Convoy Escort

A lot has been said on the job of being a convoy escort in previous newsletters and in the various forums. But for all the strategy and positioning and such that goes into it and there is a lot, the single biggest part of protecting a convoy is keeping your warship with the convoy. With apologies to Admiral Nelson – “A escorting Captain can do no wrong who puts his ship alongside the convoy.” Since I’ve been the designated convoy escort more times than not, I though I’d impart some “wisdom” learned over the years.

The protecting warship Captain (who I’ll refer to as Commodore) is responsible for the convoy, and that’s whom I’m addressing in this paragraph. Commodores of a convoy aren’t to get involved in a gun battle. That’s for the other warships of the fleet to worry about. Getting involved in a gunnery duel will pull the defending warship off the convoy, and allow the convoy to get pounced on by another enemy warship. Gunnery for a warship on convoy patrol is more as a deterrence. Basically just to give the enemy something to think about. If it slows down an attacking warship, or causes it to back off, then the job is done. Many times just keeping the turrets tracking the attacking warship (without firing) is enough to give them a bit of a pause and cause at least a subtle change of tactics. That’s generally enough to get another several feet towards the goal of a convoy run without new damage. As long as the attacking warship’s Captain thinks someone is alive at the gunnery position, many times the job is done for keeping the convoy afloat and underway. The Commodore of the transport fleet also needs to keep an overall situational awareness of the pond and keeping track of which ships are where. Friendly ships as well as enemy ships. If you need reinforcement, it’s a good idea to know which direction it will come from. Knowing where the enemy ships are coming from gives you the opportunity to give the direction to the convoy to maneuver out of the way and time for you to maneuver into position to block or blunt the attack. The idea overall isn’t for the escort to take a lot of damage instead of the convoy, just to ruin the shot so that ALL units in your fleet take reduced or no damage. The Commodore also needs to keep directions continually going out to their charges. Convoy Captains are generally green, and need a lot of attention. Getting in some maneuvering time prior to a battle is a good idea for the convoy fleet to get used to each other and the crazy Commodore ostensibly in charge of it. If a convoy ship falls out of formation and gets pounced on? Leave it. Better to have one badly mauled or sunk convoy vessel than adding a warship into it and leaving other ships of the convoy undefended. Besides, the enemy’s time spent dispatching a rogue transport is time very well spent for your convoy getting around the pond otherwise uncontested. Nothing like a bit of chum thrown well away from your position to distract/preoccupy the sharks. I wish I could give specifics of how to do this exactly and do that exactly, but once the hostilities commence all but the basic plans outlined above go OUT the window, so I’ll save the specifics. Sometimes the escort needs to follow the convoy to starboard, other times to port. Sometimes the escort needs to be leading, other times following, sometimes directly to port or starboard of the fleet. It all depends on the situation which is very dynamic on the pond changing from minute to minute and sometimes second to second, and it all gets back to the Commodore’s situational awareness for knowing where to deploy the escort vessel at that precise moment.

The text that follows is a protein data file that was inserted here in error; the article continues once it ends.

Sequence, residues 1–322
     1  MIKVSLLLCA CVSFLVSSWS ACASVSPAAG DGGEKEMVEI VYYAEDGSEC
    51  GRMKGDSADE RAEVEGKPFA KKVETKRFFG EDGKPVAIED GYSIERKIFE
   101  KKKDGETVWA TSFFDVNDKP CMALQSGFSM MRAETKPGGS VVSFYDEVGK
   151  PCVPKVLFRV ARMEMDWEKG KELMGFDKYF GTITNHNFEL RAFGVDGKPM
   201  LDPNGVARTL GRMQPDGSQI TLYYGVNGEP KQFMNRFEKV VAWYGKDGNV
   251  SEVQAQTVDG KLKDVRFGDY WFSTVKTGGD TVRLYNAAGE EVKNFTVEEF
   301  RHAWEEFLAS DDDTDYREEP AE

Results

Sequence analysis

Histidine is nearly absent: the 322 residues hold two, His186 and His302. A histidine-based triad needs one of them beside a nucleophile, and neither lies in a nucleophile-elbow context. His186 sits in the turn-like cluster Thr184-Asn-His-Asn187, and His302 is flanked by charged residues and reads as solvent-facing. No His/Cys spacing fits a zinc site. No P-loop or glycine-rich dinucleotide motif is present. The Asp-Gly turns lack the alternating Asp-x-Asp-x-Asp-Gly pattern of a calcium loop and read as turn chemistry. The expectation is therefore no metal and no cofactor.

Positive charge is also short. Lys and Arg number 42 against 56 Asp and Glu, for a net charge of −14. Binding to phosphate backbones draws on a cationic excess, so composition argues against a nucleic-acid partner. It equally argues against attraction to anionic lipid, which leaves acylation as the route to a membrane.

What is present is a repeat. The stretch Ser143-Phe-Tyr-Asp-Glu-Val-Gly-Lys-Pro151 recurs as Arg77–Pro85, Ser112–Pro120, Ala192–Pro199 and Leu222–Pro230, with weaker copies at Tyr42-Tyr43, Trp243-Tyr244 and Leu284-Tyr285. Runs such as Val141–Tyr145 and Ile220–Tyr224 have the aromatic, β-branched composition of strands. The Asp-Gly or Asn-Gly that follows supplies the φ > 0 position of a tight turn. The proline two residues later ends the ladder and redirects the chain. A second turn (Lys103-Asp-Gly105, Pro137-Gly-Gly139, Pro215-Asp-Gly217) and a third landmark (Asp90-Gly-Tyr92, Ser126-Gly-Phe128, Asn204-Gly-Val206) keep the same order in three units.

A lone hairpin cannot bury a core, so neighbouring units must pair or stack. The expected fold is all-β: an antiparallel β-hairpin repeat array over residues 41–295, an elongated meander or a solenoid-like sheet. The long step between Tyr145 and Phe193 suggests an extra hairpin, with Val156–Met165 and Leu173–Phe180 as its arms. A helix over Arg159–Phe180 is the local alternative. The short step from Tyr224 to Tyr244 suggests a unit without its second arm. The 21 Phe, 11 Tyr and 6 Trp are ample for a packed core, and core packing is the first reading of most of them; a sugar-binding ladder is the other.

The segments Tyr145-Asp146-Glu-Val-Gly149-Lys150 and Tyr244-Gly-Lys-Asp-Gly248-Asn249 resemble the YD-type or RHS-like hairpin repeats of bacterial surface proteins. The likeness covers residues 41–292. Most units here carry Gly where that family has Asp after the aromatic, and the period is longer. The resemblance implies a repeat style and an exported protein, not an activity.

The transport captains in the convoy have their job to do as well, and I’m addressing them in this paragraph. Transport Captains need to follow the directions given by the Commodore without question. Occasionally those directions may seem insane, other times they ARE totally insane, but the Commodore is responsible for the transports safety and keeping them afloat. The time to question the directions given, is AFTER following them. This is not to say all of those directions will be perfect, or even correct, but if the Commodore issues directions to go left and they’re planning on covering the right side from an attack, and the transports do something else, the escorting warship will absolutely not be able to get into a positive position to provide protection. When a convoy panics and scatters, the escorting ship can’t protect any of them, and indeed will likely end up a very damaged ship trying to do so by engaging enemy warships on their terms.

That’s about it in a nutshell for successful convoy runs. Nothing fancy, no grandiose tactics per se. Just keep it together and keep your wits about you and you stand a good chance of making it home.

Jeff Burns
USS Dallas CA140
Designated convoy escort since 2002